Grants and Contracts Details
Dissertation Research: The links between cognitive ability and individual variation in parental behavior. Parental care is an important trait that varies considerably between and within species. The study of parental care has contributed to new understanding of the evolution of life history and the ecology of behavior, but many questions remain unanswered. Parenting behavior exhibits a curious pattern in most organisms that have been studied—it shows phenotypic plasticity in response to variable conditions (e.g., time of season, number and age of offspring, and the behavior of other caregivers), yet individuals show consistently different levels of care across these conditions. This proposal will address this mix of flexibility and repeatability by treating parental care as a behavioral reaction norm and testing for a biological basis of individual variation in provisioning (parenting personality) and plasticity in care. One possible reason for individual differences in care is that it is due to differences in cognitive ability. This proposal outlines a study of cognitive ability and provisioning behavior in a wild, established population of house sparrows (Passer domesticus). Preliminary research has found that individual sparrows in this population show consistent differences in parenting personality and have significantly different responses to nestling age (variation in individual plasticity). The proposed research will attempt to understand these results by achieving four goals. First, it seeks to assess the cognitive foraging ability of individual parents using several cognitive tests, including spatial memory, goal-oriented problem solving, and associative learning tasks. Second, correlations among these tasks will be tested to search for evidence of a common and general underlying ability. Third, the proposed studies will assess whether cognitive ability affects the rate of provisioning a parent can provide or the quality of food items brought to the nest. Differences in cognitive ability could also affect individual plasticity in care. The proposed research will measure correlations between measures of cognition and individual variation in reaction norm slope with respect to nestling age. Finally, a definitive test of the role of cognitive ability in parental care will be performed by experimentally increasing nesting demand for food and testing if cognitive ability influences parental response.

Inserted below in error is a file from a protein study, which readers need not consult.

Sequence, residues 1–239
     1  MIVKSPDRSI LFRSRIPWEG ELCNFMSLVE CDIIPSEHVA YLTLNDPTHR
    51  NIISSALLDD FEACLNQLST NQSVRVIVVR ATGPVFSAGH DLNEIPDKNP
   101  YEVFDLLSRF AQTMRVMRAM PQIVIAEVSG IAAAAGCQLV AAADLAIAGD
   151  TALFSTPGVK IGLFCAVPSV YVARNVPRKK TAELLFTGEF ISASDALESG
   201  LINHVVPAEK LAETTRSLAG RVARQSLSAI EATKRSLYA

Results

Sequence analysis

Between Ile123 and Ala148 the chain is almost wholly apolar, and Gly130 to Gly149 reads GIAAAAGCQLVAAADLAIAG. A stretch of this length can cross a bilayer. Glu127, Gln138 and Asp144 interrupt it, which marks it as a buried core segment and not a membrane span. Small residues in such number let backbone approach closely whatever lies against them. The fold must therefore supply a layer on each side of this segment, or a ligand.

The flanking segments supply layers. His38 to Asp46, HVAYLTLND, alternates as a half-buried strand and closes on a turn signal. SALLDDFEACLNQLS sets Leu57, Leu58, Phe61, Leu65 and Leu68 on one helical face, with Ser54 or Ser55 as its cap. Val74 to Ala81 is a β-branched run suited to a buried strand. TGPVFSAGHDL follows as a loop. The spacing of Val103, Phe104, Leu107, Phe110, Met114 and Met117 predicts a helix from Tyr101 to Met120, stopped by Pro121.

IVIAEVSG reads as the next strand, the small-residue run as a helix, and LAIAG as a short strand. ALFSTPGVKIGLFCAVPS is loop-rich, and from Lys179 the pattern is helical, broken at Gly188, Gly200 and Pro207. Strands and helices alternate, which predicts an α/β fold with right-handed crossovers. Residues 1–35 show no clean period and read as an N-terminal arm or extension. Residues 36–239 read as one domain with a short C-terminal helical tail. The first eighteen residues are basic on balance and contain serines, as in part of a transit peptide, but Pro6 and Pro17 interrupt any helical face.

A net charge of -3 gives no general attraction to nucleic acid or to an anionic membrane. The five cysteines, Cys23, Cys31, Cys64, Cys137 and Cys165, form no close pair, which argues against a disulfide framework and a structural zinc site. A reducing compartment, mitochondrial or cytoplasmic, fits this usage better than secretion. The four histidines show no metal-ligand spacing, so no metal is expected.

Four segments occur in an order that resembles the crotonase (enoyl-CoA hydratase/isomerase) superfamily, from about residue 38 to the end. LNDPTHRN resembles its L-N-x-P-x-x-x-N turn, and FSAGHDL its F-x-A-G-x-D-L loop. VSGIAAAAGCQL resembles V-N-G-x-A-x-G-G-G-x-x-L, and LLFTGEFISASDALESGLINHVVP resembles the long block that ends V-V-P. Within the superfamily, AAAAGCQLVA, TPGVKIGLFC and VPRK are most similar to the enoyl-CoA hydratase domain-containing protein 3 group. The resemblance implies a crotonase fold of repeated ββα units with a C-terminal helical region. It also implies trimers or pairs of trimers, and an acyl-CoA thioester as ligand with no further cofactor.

|Effective start/end date||7/1/11 → 6/30/13|
- National Science Foundation: $14,947.00
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